Binge drinking is defined by the National Institute for Alcohol Abuse as a male drinking 5 or more, and a female drinking 4 or more alcoholic drinks in a 2-hour period. This type of drinking usually starts as a casual activity at parties or in celebration. Drinking alcohol is such a big part of many cultures, and can be difficult to know when it becomes a problem.
What is Alcoholism?
Alcoholism is considered the most serious form of alcohol abuse. Alcoholism is referred to as AUD, or Alcohol Use Disorder. AUD is described as an impaired ability to end or regulate alcohol use, despite its negative effects on one’s life. AUD is considered a brain disorder and can be mild, moderate, or severe.
Knowing the difference between Binge Drinking and Alcoholism
There are a few main differences between Binge Drinking and Alcoholism. Knowing these differences could help you decide if you should seek treatment.
- Thinking about drinking in social situations
- Drinking to excess occasionally
- Alcohol tolerance does not change
- Can choose to stop
- No physical dependence
- Obsessive thinking about alcohol, and when you can drink next
- Drinking consistently, even in situations when it isn’t permitted
- Alcohol tolerance gets higher, making it harder to feel its effects
- Can not stop drinking, even if you want to
- Physically dependent, needing alcohol to feel normal
Understanding the Consequences of AUD
The consequences of AUD can have devastating effects on a person’s life and increase the risk of poor health. Because alcohol is a depressant, it affects the way your brain processes information. It can lead to unhealthy decision-making, impaired judgment, as well as mental illness.
Approximately one-third of all traffic crash fatalities involve a drunk driver. If it isn’t the driver who dies, the legal and financial implications of the crash can be life-ruining.
The longer you consume alcohol regularly, the more likely it is to develop anxiety, depression, psychosis, self-harm, and suicidal thoughts. Physical changes in your body can vary but the most common are physical dependence, weight gain, stroke, liver disease or cirrhosis, pancreatitis, cancer, and a weakened immune system.
What is Physical Dependence on Alcohol?
Physical dependence on alcohol is when your body needs alcohol to feel normal. When you go long periods of time without drinking, your physical symptoms can be mild to serious, depending on how much and how long you were drinking.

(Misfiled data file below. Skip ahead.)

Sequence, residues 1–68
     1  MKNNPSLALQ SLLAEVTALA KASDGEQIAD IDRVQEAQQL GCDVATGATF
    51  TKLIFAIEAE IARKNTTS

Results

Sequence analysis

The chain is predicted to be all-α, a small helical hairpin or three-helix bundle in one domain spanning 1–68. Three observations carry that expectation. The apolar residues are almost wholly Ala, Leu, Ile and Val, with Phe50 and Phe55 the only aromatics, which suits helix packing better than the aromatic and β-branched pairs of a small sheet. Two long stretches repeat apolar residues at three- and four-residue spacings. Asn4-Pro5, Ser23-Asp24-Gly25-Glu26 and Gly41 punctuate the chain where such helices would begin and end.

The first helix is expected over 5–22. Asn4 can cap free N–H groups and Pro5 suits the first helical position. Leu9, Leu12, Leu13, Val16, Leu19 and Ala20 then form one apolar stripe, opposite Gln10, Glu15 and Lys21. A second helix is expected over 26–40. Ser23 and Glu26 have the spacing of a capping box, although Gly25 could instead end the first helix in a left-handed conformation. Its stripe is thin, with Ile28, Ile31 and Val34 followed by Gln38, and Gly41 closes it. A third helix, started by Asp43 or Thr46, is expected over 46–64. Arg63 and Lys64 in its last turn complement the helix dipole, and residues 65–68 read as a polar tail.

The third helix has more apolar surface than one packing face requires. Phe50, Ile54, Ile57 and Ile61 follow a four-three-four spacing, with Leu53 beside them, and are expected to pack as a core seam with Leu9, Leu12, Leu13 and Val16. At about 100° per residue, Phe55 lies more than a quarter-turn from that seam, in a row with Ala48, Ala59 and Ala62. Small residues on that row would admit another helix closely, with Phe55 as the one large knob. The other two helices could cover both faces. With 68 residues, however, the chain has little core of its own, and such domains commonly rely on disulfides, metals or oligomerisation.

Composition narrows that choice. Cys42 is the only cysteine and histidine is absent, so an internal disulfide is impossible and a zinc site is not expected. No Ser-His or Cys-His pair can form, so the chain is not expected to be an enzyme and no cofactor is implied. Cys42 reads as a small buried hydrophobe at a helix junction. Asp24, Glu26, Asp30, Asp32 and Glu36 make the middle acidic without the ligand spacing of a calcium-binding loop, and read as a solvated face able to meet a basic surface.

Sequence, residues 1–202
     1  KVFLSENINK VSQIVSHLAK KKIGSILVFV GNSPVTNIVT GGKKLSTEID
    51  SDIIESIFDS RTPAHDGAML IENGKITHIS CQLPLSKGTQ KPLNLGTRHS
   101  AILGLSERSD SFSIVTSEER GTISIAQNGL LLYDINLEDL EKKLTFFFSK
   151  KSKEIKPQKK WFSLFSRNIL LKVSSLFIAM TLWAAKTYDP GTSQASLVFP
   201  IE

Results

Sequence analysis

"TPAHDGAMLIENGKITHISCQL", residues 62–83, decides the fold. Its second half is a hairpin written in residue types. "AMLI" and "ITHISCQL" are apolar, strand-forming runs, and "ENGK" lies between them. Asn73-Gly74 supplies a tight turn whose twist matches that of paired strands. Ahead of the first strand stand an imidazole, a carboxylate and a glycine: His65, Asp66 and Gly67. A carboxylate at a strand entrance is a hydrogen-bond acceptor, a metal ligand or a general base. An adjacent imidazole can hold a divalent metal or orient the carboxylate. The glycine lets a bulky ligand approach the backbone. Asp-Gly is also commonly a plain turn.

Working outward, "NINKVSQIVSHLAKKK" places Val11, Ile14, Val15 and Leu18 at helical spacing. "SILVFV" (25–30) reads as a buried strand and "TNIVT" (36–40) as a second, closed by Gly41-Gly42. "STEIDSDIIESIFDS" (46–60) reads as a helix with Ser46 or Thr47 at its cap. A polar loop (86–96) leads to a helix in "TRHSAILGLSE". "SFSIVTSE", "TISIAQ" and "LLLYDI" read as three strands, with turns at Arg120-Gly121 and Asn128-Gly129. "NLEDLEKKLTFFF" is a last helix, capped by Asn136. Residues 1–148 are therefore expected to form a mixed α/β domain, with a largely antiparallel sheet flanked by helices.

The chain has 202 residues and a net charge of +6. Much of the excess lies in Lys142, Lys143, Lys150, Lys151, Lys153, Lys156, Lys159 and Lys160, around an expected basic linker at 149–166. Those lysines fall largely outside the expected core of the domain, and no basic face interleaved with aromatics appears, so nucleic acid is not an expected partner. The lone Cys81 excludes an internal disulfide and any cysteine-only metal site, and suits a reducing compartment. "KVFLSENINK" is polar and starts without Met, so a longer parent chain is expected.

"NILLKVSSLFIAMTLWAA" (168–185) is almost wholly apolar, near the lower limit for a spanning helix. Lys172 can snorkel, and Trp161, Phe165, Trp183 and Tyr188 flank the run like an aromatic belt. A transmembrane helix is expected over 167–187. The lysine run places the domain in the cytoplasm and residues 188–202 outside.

6 hours after your last drink you could experience anxiety, nausea, vomiting, shaky hands, sweating, headache, and/or insomnia. 12 to 48 hours after your last drink you could experience symptoms like hallucinations, or seizures. And even 48-72 hours after your last drink, you could still be feeling symptoms such as confusion, high blood pressure, excess sweating, and fever.
The physical dependence on alcohol makes it dangerous to detox alone. Withdrawal symptoms from alcohol can be fatal. Detoxing at Agape Detox Center can help you not only be safe, but more comfortable as well.
Treatment & Detox for Alcoholism Vs. Binge Drinking
Treatment & detox for Alcoholism can be different from treatment for Binge Drinking. Binge Drinking does not include physical dependencies on alcohol. Sometimes people still need to detox depending on how often they binge. Detoxing alone might work for some binge drinkers. While detoxing at a medical detox facility feels safer for others. Some binge drinkers can change their drinking habits without addiction treatment, others may benefit from a treatment facility. Figuring out why you are binge drinking is key to a lasting change in behaviors.
Because Alcoholism causes physical dependence, medically detoxing is the only safe way to detox your body. Once a detox program is completed, an individualized treatment plan will be created to help you through the addiction treatment phase of recovery. This could include inpatient or outpatient treatment, further therapies, or support groups.
The first step toward a healthier you could be calling us at Agape Detox Center to discuss your treatment needs.